Introduction to bioinformatics - Turbo version - Course program 2011
Introduction to bioinformatics - Turbo version >> Course program 2011
The Technical University of Denmark, Lyngby Campus, Building 208, Room 062. Directions on how to get to DTU (Lyngby) and a map of the buildings are found here: DTU Directions.
The course runs for the duration of Weeks 23-25 (Mon 6th of June to Fri 24th of June) from 9:15 to ~16:30 (or whenever the computer exercises of the day have been completed). During the first week, we will start each day with lectures in the morning, and conclude with computer exercises in the afternoon. The second and third weeks will be dedicated to group project work.
- Course materials:
The course materials include hand-out notes and the computer exercises themselves. There is no formal textbook. All needed reading material will be available online, linked directly from this page. The material can be read on a day-to-day basis.
Project work will culminate in a poster presentation on Friday, 24 June. Grades will be based on participation (both lectures and exercises) and on the project (poster presentation).
Required hardware / software
The computer exercises can be executed from any internet connected computer (Mac, Linux, Windows) with a modern browser (e.g. Firefox, Safari or Internet Explorer) and Java installed. Java is used in some exercises to run visualization software. Link: www.java.com
We recommend the JEdit text editor for use on sequence files, since it is well suited for this purpose and is platform independent. Link: www.jedit.org.
For the protein structure exercise the PyMOL software (also cross-platform) will be used. Link: www.pymol.org.
Free Student's version: On Campusnet
If necessary, a username/password will be mailed to you, or provided at the course.
Each group has to keep a "log book" with answers to the questions asked in the exercises. After completing an exercise, upload it via Campusnet under the given day. All exercises have to be handed in on the same day.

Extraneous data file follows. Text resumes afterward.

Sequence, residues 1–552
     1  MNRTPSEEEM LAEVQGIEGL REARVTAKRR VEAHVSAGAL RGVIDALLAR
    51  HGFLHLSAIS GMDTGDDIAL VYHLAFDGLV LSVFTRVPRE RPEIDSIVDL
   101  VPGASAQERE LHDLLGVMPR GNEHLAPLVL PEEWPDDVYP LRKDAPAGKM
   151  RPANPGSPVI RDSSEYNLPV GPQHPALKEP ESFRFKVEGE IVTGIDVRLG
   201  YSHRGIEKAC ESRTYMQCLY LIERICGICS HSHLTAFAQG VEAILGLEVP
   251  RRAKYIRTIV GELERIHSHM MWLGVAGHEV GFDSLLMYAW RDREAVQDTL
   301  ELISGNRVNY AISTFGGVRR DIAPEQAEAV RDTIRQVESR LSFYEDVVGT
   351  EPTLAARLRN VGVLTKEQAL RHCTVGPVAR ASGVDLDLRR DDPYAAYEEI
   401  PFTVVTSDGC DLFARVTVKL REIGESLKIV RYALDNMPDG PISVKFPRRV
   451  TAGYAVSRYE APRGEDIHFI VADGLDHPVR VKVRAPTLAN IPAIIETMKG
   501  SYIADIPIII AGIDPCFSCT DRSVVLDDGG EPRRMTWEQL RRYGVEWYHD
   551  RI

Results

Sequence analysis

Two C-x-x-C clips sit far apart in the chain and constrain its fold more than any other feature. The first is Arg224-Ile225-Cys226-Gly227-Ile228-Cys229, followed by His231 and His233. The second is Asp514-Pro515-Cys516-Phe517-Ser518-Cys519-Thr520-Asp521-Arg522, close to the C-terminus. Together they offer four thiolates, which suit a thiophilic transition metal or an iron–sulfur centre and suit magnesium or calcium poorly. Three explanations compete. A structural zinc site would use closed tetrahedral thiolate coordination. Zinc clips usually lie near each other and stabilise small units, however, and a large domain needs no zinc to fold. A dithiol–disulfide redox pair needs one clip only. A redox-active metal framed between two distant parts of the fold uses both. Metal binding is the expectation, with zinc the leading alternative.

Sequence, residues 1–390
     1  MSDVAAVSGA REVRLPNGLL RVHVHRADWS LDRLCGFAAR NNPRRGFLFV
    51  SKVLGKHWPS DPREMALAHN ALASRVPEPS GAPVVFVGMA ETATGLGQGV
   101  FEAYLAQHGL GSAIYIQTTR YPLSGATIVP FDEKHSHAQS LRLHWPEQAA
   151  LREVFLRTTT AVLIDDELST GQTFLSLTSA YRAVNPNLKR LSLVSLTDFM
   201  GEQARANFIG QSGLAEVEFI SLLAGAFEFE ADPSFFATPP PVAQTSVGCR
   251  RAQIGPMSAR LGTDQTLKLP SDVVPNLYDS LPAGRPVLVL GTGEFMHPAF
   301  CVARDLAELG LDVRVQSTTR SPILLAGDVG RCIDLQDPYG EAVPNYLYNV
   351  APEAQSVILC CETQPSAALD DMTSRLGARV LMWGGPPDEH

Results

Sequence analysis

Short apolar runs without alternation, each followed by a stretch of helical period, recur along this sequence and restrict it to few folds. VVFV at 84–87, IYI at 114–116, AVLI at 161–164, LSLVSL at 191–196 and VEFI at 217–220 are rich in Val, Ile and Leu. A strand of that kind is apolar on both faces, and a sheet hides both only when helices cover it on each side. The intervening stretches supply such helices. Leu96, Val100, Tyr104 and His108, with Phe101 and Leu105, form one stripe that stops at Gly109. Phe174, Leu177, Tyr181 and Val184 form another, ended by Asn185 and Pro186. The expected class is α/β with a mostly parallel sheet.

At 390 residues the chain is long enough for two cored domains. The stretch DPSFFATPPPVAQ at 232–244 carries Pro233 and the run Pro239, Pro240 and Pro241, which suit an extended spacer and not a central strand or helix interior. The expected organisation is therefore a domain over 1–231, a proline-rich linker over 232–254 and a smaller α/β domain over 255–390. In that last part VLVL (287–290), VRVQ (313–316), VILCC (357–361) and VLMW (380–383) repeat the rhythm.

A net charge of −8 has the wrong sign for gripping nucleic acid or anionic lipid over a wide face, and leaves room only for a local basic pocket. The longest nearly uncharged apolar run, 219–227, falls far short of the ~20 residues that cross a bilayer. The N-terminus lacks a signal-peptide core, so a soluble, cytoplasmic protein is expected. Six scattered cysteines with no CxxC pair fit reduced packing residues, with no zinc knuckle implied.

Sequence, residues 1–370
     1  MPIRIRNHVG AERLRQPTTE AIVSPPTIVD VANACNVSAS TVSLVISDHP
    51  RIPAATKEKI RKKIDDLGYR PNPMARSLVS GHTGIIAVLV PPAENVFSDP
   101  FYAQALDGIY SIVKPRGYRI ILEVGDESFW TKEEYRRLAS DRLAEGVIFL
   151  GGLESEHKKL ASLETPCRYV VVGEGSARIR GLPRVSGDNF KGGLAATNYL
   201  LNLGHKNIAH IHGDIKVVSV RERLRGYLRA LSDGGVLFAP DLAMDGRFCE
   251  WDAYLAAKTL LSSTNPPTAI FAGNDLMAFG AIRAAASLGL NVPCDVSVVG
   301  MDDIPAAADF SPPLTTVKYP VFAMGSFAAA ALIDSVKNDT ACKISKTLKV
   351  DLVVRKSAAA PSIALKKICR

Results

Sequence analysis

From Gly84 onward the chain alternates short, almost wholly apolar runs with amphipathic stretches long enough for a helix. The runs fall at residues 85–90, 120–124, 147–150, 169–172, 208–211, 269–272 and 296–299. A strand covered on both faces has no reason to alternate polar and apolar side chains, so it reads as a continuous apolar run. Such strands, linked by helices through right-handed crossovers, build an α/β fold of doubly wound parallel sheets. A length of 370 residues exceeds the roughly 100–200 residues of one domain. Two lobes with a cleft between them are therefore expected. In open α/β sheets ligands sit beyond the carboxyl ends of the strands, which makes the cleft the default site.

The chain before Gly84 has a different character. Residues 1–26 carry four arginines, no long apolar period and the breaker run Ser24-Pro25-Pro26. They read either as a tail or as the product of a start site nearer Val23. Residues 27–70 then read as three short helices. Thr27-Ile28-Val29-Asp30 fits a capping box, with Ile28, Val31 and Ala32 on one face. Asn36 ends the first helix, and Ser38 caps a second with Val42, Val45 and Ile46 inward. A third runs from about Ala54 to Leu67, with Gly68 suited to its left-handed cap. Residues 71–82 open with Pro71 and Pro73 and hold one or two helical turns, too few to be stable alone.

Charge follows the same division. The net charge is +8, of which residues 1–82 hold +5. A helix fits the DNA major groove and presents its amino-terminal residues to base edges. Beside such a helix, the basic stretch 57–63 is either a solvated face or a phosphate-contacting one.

The log book should be kept as minimalistic as possible - the important thing here is to focus on giving a nice and simple overview of your answers and not to spend a lot of time on fancy formatting. For example:
Answers to the Multiple Alignment exercise ------------------------------------------ Report by: Rasmus Wernersson (v18103) Question 1 ---------- Fasta format file: >goat_alpha_globin_II ATGGTGCTGTCTGCCGCCGACAAGTCCAATGTCAAGGCCGCCTGGGGCAAGGTTGGCAGCAACGCTGGAG CTTATGGCGCAGAGGCTCTGGAGAGGATGTTCCTGAGCTTCCCCACCACCAAGACCTACTTCCCCCACTT CGACCTGAGCCACGGCTCGGCCCAGGTCAAGGGCCACGGCGAGAAGGTGGCCGCCGCGCTGACCAAAGCG GTGGGCCACCTGGACGACCTGCCCGGTACTCTGTCTGATCTGAGTGACCTGCACGCCCACAAGCTGCGTG TGGACCCGGTCAACTTTAAGCTTCTGAGCCACTCCCTGCTGGTGACCCTGGCCTGCCACCACCCCAGTGA TTTCACCCCCGCGGTCCACGCCTCCCTGGACAAGTTCTTGGCCAACGTGAGCACCGTGCTGACCTCCAAA TACCGTTAA >xxx_yyy_qqq ATAGATAGT .... Question 2 ---------- 2a): xxxx yyyy zzzz 2b): ddd jjj uuu
Please note: We collect these answers for two purposes:
- Assessing participation in the exercises.
- As a means to improve our teaching, since we get a chance to learn what questions are typically difficult to answer or understand.
Lecture Plan 2011
Please note: lecturers may be working on slides and other course material until the last minute, so changes may occur!
Monday 6 June
- Lecture 1 - Evolution and DNA - Anders Gorm Pedersen
- Lecture 2 - Biological information, DNA structure and sequencing, GenBank searching - Henrik Nielsen.
- Lecture 3 - Proteins - data and databases - Henrik Nielsen.
Tuesday 7 June
- Lecture 1 - Pairwise alignment - Anders Gorm Pedersen
- Page 35-55 in Immunological Bioinformatics (PDF - extract from the Book - password protected)
- Handout exercise:
- Lecture 2 - Introduction to BLAST - Anders Gorm Pedersen
Wednesday 8 June
- Lecture 1 - Multiple alignment - Anders Gorm Pedersen
- Slides: PDF
- Exercise: Multiple alignment (Exercise helper: Oksana Lukjancenko)
- Lecture 2 - Phylogenetic trees - Anders Gorm Pedersen
- Handout exercise: Reconstruction of a distance tree
- Slides: PDF
- Exercise: Phylogenetic trees (Exercise helper: Oksana Lukjancenko)
- Lecture 3 - Protein 3D structure - Thomas Blicher
Thursday 9 June
- Lecture 1 - PSI-BLAST - Morten Nielsen
- Page 68-80 in Immunological Bioinformatics (PDF - extract from the Book - password protected)